|Posted on October 7, 2010 at 4:25 PM|
Walnuts...one more reason to eat them!
Incorporating walnuts into your diet may help you handle stress better, new research suggests.
Walnuts and walnut oil help reduce blood pressure during stressful situations because of the omega-3 fatty acids and anti-inflammatory compounds they contain, according to a study by a team of scientists at Penn State University.
Researchers looked at 22 healthy adult participants who had high levels of "bad" cholesterol -- known as LDL, or low density lipoproteins. They provided them with all their meals and snacks over the course of three different diet periods lasting six weeks each.
Some of the subjects were put on diets that included walnuts and walnut oil, and others were not. The study authors found that eating the nuts lowered both their resting blood pressure and their blood pressure responses to stressors they were exposed to in the lab -- giving a speech and soaking their feet in a tub of ice-cold water.
"This is the first study to show that walnuts and walnut oil reduce blood pressure during stress," author Sheila G. West, an associate professor of biobehavioral health, said in a statement. "This is important because we can't avoid all of the stressors in our daily lives. This study shows that a dietary change could help our bodies better respond to stress."
Walnuts contain a type of omega-3 fatty acid called alpha linolenic acid, which is also found in flax seeds. Prior research has shown that those omega-3s can reduce LDL cholesterol and inflammation markers including C-reactive proteins.
Strong reactions to stress can trigger a host of health problems including cardiovascular disease, according to the study, published in the current issue of the Journal of the American College of Nutrition.
"People who show an exaggerated biological response to stress are at higher risk of heart disease," West said. "We wanted to find out if omega 3-fatty acids from plant sources would blunt cardiovascular responses to stress."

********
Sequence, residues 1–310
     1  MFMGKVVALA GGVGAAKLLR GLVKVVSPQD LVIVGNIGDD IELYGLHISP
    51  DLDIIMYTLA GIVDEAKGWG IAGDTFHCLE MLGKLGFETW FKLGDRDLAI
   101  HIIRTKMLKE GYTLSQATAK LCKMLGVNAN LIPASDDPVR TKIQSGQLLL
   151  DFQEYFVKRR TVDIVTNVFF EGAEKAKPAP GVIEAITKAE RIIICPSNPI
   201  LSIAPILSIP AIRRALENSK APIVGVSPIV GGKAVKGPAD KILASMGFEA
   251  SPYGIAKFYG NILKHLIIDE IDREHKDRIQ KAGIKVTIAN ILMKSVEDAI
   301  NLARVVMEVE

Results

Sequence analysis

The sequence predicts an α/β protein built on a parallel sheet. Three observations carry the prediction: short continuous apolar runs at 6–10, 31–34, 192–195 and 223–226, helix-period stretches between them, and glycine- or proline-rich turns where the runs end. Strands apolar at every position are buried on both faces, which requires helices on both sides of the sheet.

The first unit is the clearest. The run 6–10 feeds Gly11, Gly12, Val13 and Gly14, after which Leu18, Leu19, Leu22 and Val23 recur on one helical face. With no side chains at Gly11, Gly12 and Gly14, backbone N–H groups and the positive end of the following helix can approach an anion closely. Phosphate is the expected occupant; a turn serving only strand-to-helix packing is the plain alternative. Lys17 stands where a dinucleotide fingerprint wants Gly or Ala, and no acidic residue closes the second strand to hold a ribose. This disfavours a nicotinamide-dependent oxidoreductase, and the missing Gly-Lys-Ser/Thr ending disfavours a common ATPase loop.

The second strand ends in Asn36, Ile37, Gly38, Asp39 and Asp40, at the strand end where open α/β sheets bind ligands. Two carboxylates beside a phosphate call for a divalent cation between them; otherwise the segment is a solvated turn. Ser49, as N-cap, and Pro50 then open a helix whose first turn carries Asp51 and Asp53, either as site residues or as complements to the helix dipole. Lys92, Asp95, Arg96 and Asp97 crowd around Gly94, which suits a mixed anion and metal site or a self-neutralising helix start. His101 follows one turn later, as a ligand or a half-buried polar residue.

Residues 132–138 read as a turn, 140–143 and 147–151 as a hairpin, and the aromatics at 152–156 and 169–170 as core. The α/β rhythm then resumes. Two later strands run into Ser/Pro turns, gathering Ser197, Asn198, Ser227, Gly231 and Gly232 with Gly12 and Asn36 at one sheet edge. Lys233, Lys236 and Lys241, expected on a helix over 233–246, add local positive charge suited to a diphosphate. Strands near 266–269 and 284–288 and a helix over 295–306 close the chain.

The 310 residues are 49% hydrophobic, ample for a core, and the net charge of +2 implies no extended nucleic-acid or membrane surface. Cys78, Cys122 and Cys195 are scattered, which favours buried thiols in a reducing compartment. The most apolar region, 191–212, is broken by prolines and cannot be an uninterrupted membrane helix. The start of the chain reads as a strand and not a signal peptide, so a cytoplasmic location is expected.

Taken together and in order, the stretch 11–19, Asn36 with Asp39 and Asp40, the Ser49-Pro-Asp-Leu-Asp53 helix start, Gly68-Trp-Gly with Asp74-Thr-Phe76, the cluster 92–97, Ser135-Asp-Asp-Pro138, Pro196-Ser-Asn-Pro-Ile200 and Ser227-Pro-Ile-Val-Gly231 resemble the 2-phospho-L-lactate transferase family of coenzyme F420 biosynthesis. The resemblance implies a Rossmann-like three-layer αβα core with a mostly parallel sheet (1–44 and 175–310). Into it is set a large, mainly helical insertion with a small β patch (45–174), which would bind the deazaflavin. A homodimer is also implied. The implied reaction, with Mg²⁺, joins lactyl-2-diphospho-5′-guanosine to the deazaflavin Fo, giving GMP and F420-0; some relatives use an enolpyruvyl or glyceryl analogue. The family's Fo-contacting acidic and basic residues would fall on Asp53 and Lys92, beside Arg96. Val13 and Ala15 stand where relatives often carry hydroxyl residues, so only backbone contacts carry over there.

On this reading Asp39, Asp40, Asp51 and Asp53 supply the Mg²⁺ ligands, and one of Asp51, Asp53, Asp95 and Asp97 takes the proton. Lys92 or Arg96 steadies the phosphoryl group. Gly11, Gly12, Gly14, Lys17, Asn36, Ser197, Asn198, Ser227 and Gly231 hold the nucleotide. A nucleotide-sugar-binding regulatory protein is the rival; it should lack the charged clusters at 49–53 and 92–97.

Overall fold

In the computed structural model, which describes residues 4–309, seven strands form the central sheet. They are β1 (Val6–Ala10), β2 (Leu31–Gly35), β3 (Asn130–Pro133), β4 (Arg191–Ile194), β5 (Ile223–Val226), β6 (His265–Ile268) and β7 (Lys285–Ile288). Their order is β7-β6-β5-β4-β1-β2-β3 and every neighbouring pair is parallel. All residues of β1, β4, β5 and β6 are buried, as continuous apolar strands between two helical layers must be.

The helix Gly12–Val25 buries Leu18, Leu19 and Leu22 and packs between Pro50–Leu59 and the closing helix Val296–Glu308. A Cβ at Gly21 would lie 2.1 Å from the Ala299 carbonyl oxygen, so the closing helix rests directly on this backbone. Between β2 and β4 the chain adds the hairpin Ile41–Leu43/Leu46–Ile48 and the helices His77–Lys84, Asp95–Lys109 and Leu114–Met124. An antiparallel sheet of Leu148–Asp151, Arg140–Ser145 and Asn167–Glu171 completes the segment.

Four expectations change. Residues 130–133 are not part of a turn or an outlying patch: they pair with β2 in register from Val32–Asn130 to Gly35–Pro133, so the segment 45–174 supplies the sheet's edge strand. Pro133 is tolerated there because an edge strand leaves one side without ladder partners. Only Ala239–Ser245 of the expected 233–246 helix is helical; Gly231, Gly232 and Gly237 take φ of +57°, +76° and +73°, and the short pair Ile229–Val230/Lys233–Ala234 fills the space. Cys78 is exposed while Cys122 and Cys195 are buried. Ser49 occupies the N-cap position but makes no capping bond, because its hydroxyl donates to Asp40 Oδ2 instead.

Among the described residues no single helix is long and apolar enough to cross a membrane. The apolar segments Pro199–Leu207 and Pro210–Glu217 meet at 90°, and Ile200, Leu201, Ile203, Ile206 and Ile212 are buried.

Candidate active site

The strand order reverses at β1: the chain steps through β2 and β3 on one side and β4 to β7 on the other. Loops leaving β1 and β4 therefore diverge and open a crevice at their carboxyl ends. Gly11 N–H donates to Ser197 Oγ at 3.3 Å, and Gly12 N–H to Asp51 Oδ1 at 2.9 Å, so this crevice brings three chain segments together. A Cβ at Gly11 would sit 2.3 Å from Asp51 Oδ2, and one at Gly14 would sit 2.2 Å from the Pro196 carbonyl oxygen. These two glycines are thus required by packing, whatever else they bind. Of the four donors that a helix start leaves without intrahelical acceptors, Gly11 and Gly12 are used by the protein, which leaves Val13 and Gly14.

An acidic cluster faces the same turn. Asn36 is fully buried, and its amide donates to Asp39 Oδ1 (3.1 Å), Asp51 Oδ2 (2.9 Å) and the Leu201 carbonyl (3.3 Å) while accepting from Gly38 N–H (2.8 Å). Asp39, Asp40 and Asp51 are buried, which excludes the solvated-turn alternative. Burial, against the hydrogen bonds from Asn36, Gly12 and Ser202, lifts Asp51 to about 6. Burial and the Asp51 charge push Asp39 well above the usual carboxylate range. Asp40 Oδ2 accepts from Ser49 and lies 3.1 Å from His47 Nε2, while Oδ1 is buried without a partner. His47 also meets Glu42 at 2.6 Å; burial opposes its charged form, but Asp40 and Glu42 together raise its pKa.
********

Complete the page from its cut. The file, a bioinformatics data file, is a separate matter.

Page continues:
The blood pressure of participants on the walnut diet did not drop lower when flax seed oil was added, the authors found. But flax seed extract did seem to improve their vascular health -- gauged using a vascular ultrasound that measured the dilation of the arteries -- and reduce their C-reactive protein levels, causing a greater anti-inflammatory effect.
"Inflammation is a known factor in cardiovascular disease, stroke, et cetera," nutritionist Douglas Husbands told AOL Health. "To have a beneficial effect on inflammation, which those substances in walnuts and other nuts have, can be very powerful."
Each of the study participants followed each of the three diets in random order, taking a one-week break in between. They were tested at the end of every six-week interval.
One of the diets mimicked an "average" American diet without nuts. A second incorporated 1.3 ounces of walnuts -- which amounts to about nine of the nuts -- and a tablespoon of walnut oil in place of some of the fat and protein sources in the typical diet. The third included the walnuts and walnut oil with the addition of 1.5 tablespoons of flax seed oil. All three had an equal number of calories and didn't cause any weight changes in the subjects.
Once they'd completed each diet, the participants were given two different stress tests. For one, they were given a topic and two minutes to prepare a three-minute speech on it, which was videotaped. For the other, they had to immerse one foot in frigid water. Researchers took their blood pressure during the stress tests.
The subjects' average diastolic blood pressure was substantially lower when they were on the walnut-rich diets, according to the findings.
"These results are in agreement with several recent studies showing that walnuts can reduce cholesterol and blood pressure," said West. "This work suggests that blood pressure is also reduced when a person is exposed to stress in their daily life."
Husbands said the fat in walnuts helps ensure a beneficial proportion of hormones, which are derived from cholesterol, and the nuts' pH balance contributes to their anti-inflammatory effects.
"You don't want a low-fat diet -- you want a healthy-fat diet," he said.
The research was supported by The California Walnut Commission, the National Institutes of Health, and the Heart and Stroke Foundation in Canada.
Categories: Foods To Eat/Nutrition Articles